The Metro Tunnel is a key rail infrastructure project currently under construction in Melbourne, Australia that includes the construction of twin 5.6 miles (9km) rail tunnels between South Kensington station and South Yarra with five new underground stations. While TBMs are being used to build most of the Metro Tunnel, station box excavation and tunneling between the two Central Business District CBD stations is being undertaken by roadheaders.
Site geology comprises of interbedded Siltsone and Sandstone known as Melbourne Formation. The mineralogy in its unweathered state typically comprises of a mineral assemblage principally of quartz (35% up to 59%).
The Cross Yarra Partnership, a consortium comprising of, John Holland Pty Ltd, Lendlease Engineering Pty Ltd and Bouygues Construction Pty Ltd, initially contracted Grydale to provide a ventilation design system for the construction of the Metro Tunnel. Grydale was later contracted to supply all dust collection equipment required for the duration of construction works.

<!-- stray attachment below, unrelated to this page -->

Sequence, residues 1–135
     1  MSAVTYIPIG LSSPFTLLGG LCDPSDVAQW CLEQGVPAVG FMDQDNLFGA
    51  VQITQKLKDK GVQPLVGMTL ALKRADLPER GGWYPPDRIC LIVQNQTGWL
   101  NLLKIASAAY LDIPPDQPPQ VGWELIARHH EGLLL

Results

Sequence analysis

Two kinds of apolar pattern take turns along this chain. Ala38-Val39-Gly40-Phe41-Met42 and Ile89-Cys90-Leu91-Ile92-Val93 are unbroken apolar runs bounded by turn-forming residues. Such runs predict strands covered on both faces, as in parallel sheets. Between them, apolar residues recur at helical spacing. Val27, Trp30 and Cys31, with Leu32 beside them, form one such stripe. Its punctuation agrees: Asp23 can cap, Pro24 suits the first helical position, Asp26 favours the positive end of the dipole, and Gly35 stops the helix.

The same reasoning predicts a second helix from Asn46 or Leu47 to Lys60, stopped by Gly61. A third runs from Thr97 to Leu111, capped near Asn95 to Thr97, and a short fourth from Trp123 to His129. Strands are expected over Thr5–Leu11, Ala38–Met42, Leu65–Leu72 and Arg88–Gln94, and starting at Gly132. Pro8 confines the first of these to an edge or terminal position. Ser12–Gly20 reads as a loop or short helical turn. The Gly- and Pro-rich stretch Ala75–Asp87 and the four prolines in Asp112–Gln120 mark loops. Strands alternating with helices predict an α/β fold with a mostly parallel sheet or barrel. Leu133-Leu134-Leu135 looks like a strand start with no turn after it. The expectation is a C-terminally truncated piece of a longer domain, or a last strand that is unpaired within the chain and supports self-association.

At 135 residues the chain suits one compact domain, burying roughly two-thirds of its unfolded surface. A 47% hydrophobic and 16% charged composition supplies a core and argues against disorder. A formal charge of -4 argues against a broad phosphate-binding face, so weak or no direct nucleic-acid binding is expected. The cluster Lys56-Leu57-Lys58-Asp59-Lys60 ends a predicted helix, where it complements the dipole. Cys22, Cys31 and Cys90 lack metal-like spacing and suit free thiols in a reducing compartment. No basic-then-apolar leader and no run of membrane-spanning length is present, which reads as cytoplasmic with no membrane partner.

Initial engineering consultation converted the ventilation design from an overlap or cross-over extraction methodology to the now in-situ, proven extract methodology. Within full extract ventilation systems, air is drawn through the tunnel using negative pressure from the outside and is exhausted via ducting to a dust collector to deliver clean air to the atmosphere. This system removes all contaminants from the tunnel at the face and supplies fresh clean air for Civil, Mechanical and Engineering Works.
The Metro Tunnel provided some unique challenges for the ventilation design, including space and noise constraints plus the location of excavation works within the CBD.
The design was created using Ventsim Design 5 to simulate ventilation, airflows, pressures, heat, gases,
radon, fire and other key ventilation data to be considered, along with managing the financial constraints of the project.
The ventilation design was separated into 13 stages, representing the tunnel area changes, and was designed around the last dig sequence, where maximum air flow is required. The ventilation design utilises dust collectors for each stage, with additional axial fans to boost airflow in the latter stages of construction.